In both techniques, cells were counterstained with DAPI for nuclei staining and glass coverslips were mounted on the slides. Fluorescence images were acquired using a Leica TCS SP8 confocal microscope (Leica Microsystems, Wetzlar, Germany). At least ten random fields of view were selected and images were taken. Data analysis was performed using Duolink® Image Tool Software (Sigma-Aldrich), developed for objective quantification of PLA signals (Smal et al. 2010). Representative images for each condition are shown.

Statistical analysis

All experiments were performed at least three times, and representative results of one experiment are shown. The data are presented as mean ± SD and analyzed by one-way ANOVA. GraphPad Prism 6 software was employed for these analyses. All statistical tests were two-sided. p values less than 0.05 were considered statistically significant.

Results

Detection of RANK and RANKL expression in human breast cancer cells and tissues

We first examined the expression levels of RANK receptor and its ligand, RANKL, in two ERBB2-positive, SKBR3 (ER-negative), BT-474 (ER-positive), and two ERBB2-negative MDA-MB-453 (ER-negative), MCF7 (ER-positive) BC cell lines. The endogenous protein and mRNA expression of RANK and RANKL was detected by Western immunoblotting and semi-quantitative PCR, respectively, in all four BC cell lines (Fig. 1a, b). Furthermore, using confocal microscopy, immunofluorescence staining of RANK and RANKL in BC cells confirmed the protein expression of RANK and RANKL and showed that the subcellular localization of RANK is in both cell membrane and cytoplasm (Fig. 1c). Concerning RANKL, it is localized mainly to cytoplasm (Fig. 1d). Finally, we examined RANK expression in a cohort of ERBB2+/ER+ (No 5), ERBB2+/ER− (No 5), ERBB 2−/ER+ (No 5), and TNBC (No 5) patients. A pathologist with no knowledge of the clinical data evaluated the immunohistochemical staining of the human paraffin-embedded BC tissues. RANK immunostaining was observed in all subsets of BC patients. Representative images with RANK-positive BC tissues are shown at Additional file 1: Figure S1.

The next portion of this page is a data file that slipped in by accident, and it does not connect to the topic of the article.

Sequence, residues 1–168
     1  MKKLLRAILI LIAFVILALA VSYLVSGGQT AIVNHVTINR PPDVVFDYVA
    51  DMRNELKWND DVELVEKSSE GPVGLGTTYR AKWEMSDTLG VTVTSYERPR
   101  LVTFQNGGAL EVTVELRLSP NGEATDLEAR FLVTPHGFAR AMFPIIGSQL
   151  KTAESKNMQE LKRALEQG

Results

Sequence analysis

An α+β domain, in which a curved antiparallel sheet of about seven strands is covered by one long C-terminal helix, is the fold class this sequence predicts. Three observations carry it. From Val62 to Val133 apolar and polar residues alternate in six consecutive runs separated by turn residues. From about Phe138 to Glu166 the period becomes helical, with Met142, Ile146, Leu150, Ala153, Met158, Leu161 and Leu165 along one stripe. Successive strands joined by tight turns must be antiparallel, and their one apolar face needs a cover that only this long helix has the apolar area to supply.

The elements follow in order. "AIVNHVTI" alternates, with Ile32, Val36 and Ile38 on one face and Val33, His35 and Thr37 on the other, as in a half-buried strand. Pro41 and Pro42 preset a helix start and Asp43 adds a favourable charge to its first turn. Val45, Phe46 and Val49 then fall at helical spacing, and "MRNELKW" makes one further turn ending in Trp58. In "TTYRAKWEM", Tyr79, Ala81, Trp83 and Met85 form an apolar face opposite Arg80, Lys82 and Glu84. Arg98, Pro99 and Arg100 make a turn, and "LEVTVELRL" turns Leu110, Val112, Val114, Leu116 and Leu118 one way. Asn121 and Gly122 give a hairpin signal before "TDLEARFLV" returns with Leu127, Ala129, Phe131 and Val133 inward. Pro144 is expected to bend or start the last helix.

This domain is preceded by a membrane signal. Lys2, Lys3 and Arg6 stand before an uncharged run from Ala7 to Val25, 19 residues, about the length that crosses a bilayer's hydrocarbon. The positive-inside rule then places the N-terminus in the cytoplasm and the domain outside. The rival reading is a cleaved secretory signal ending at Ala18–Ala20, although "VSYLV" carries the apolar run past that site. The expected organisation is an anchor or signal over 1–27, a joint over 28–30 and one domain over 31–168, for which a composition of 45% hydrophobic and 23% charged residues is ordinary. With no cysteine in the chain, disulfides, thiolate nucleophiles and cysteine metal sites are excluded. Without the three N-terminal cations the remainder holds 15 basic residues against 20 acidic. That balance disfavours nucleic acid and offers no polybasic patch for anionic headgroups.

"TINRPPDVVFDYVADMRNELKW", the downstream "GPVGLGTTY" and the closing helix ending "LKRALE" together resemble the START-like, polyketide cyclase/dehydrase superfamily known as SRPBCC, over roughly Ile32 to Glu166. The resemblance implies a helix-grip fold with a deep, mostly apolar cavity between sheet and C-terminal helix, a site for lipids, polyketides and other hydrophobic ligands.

Fig. 1
figure1

Detection of RANK and RANKL expression and subcellular localization in BC cells. a TNFRSF11A (RANK-encoding) and TNFSF11 (RANKL-encoding) endogenous mRNA expression in SKBR3, MCF7, MDA-MB-453, and BT-474 BC cells. Data normalization was carried out against the actin housekeeping gene. b Western immunoblotting showing RANK and RANKL protein levels in human BC cell lines. Actin was used as a protein loading control. c, d The presence of RANK and RANKL was confirmed by immunofluorescence staining. Confocal images present also the subcellular localization of RANK and RANKL in BC cells. Nuclei were visualized using DAPI. Scale bars represent 20 μm. Representative images are shown

Physical association between RANK and ERBB family members

We examined the hypothesis that RANK could physically associate with ERBB family members. In order to find evidence for an association between RANK and ERBB family members, we performed proximity ligation assay (PLA) in the BC cells, SKBR3, MDA-MB-453, MCF7, and BT-474. As shown in Fig. 2, PLA signals are detected when RANK heterodimer formation with EGFR, ERBB2, ERBB3, and ERBB4 were tested, indicating that the receptors are physically associated in BC cells. In SKBR3 (PLA signal scales 0–60) and BT-474cells (PLA signal scales 0–25), there was a high incidence of RANK/ERBB2 heterodimers (5.4 and 8.2, respectively) (Fig. 2e, h). On the other hand, MCF7 (PLA signal scales 0–60) and MDA-MB-453 (PLA signal scales 0–10) present lower RANK/ERBB2 dimer number per cell, 0.7 and 0.3 respectively (Fig. 2f, g), indicating that there is a correlation between RANK/ERBB2 dimer formation and ERBB2 protein expression.

Fig. 2
figure2

Dimer formation pattern between RANK receptor and ERBB family members in BC cells. ad Representative images are shown using confocal microscopy. Red dots represent the positive signal of RANK-EGFR/ERBB2/ERBB3/ERBB4 heterodimers in SKBR3, MCF7, MDA-MB-453, and BT-474 cells using DUOLINK in situ proximity ligation assay (PLA). Scale bars represent 20 μm. eh Dot plots represent the total signal per cell as analyzed by Duolink Image Tool Software. Data represent mean ± SD (standard deviation)